Let’s look at the last issue in a bit more detail since it is not properly covered in the report yet features prominently on my top level list of how to green the world’s data centers. The most obvious cloud computing contribution is on the #1 problem above: server utilization. All companies have to provision hardware resources to their peak usage but only consume the average. This inefficiency is characterized by the peak-to-average ratio. The smaller the peak-to-average ratio, the better it is for the environment, the higher the resource utilization, and the lower the overall costs. This is good for the environment and good for the involved companies economically. When you combine a large number of statistically unrelated resource consumers, the peak-to-average ratio falls dramatically and fast. For example, tax preparation systems unsurprisingly have a real usage spike at tax time, retail is most busy just prior to Christmas, and there is little that can be done to change either. All businesses operate on some cycle and as these mostly non-correlated cycles are combined in a cloud deployment, the peak-to-average ratio falls fast.  The same workloads can be supported at a far lower environmental impact.

These cloud computing gains on utilization are easy to understand and fairly obvious but other gains are potentially even more interesting. In the discussion above, we noted that the big operators actually represent less than 5% of the total IT power consumption.  They actually can’t make enough of an influence on the outcome by themselves and so we need a broader program. How to get to the majority not included in this group?  This is a difficult and somewhat vexing problem – it’s hard to cost effectively change the hundreds of thousands of small data center deployments spread all over the world. Making things worse, these small deployments can be very inefficient, often they are built using old data center designs, some are really just closets in office buildings, and most of the companies that own them don’t have budget to spend on innovative data center ideas, resources to test new solutions, or the ability to  modernizing these low-scale deployments.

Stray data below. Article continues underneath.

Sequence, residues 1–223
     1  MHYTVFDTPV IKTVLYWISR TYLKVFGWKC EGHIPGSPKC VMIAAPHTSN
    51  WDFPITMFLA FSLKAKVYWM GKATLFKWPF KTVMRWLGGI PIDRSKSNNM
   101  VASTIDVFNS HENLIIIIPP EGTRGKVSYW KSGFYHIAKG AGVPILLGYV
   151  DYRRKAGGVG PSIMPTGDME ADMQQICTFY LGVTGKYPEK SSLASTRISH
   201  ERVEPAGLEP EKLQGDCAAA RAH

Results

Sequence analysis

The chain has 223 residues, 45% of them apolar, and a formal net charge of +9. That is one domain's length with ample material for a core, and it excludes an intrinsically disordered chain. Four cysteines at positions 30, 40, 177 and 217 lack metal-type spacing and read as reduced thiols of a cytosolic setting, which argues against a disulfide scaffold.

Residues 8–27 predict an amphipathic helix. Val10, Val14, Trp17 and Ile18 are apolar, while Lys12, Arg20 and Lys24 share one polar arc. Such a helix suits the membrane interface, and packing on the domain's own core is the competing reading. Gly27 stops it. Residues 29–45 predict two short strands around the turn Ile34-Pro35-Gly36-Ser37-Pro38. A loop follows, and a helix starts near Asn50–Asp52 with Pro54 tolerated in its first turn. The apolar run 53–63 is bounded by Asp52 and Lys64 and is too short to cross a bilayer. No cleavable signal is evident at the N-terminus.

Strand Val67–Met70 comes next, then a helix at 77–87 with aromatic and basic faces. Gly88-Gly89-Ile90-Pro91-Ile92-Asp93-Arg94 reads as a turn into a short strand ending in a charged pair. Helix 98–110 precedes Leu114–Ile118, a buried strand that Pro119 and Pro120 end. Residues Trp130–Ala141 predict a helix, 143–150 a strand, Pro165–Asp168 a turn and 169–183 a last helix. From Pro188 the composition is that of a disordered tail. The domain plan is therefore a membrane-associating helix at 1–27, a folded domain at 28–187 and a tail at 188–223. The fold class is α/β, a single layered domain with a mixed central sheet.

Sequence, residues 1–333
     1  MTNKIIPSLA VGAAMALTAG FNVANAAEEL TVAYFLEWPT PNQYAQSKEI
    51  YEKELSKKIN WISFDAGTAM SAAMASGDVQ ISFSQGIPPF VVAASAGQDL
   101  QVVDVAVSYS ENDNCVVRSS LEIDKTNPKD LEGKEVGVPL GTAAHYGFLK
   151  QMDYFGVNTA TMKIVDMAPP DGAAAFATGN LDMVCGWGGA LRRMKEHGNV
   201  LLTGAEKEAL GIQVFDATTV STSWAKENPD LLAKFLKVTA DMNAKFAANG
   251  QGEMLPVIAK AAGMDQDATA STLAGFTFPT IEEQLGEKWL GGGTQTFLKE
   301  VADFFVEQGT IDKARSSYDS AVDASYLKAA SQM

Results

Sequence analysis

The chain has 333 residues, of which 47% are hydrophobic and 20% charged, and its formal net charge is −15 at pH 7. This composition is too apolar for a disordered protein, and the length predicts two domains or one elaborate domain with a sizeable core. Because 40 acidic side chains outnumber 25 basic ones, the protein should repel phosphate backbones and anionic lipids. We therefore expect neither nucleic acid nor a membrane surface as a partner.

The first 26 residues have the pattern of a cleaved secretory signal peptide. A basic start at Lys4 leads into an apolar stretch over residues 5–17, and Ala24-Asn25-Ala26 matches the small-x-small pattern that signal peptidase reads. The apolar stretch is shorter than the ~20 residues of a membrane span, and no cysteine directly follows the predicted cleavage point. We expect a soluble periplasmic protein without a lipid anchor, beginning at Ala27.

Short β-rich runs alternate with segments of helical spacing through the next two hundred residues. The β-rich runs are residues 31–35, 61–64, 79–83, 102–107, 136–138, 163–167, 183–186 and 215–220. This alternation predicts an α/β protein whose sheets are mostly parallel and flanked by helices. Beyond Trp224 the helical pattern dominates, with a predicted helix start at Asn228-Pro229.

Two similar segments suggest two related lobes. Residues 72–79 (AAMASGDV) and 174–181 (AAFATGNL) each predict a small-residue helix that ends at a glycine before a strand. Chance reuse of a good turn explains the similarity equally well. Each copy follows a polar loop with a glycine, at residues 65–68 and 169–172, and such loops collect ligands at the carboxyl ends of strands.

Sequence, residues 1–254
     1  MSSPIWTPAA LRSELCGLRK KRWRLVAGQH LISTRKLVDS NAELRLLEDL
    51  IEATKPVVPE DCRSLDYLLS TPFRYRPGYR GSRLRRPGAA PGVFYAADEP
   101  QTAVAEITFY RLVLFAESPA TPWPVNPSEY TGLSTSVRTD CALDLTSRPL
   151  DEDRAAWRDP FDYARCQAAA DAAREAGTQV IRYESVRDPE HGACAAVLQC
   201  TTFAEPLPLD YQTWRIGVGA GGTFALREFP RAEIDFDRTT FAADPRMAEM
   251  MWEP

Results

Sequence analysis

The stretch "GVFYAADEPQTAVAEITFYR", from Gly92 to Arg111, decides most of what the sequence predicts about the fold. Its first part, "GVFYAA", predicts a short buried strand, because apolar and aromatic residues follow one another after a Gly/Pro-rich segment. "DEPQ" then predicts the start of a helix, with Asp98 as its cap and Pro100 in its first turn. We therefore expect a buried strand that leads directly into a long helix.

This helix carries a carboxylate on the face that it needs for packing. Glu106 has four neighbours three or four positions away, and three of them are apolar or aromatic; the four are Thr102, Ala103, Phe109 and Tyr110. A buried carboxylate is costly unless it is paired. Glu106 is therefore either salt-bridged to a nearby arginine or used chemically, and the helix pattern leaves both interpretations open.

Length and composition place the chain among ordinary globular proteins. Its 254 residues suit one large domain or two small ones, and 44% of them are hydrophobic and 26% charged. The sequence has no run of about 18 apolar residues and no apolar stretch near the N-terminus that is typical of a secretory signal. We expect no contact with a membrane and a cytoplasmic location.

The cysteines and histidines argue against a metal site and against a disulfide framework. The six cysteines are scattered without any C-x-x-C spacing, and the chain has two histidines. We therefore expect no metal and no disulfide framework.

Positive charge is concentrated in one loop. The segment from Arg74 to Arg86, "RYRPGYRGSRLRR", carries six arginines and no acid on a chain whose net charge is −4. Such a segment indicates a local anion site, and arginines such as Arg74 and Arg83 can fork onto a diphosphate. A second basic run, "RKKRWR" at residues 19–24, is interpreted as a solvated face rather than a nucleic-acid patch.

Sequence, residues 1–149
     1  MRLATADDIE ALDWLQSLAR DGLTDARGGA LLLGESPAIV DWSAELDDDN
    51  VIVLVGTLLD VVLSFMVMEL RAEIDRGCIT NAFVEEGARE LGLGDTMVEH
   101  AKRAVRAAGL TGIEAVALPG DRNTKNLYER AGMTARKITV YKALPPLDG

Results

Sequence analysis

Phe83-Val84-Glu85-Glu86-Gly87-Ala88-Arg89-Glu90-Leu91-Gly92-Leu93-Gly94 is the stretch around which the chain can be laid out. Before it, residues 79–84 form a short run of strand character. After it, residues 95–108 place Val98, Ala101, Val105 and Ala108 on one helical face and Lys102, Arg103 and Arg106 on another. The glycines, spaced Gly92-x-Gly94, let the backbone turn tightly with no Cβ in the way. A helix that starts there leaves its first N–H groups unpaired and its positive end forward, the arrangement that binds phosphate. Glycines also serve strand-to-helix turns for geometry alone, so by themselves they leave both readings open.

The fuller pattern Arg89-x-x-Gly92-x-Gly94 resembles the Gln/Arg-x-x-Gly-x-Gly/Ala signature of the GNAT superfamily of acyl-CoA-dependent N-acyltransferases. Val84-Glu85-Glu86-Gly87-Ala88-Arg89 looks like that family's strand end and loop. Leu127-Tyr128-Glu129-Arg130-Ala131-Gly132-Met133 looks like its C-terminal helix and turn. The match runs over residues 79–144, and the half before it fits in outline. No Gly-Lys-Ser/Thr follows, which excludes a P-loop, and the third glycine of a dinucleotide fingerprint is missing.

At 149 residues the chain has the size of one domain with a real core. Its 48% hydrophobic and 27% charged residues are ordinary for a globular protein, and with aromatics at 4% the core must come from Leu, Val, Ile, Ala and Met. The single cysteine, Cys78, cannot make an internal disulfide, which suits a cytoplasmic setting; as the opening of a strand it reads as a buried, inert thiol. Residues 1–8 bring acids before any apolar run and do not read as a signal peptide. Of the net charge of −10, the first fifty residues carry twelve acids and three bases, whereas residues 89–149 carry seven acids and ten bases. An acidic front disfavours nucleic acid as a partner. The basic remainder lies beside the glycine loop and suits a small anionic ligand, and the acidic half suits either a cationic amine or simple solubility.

The best way to address these small deployments that make up the bulk of the problem is to move them to cloud computing. Suddenly the utilization goes up, they are immediately running on very current, high-efficiency technology, it frees up office space in their facility, and they no longer need to overdrive office cooling systems not designed to cool data centers efficiency to cool servers. It’s all upside, it’s addressing the majority of the problem, and yet it’s not featured in the report.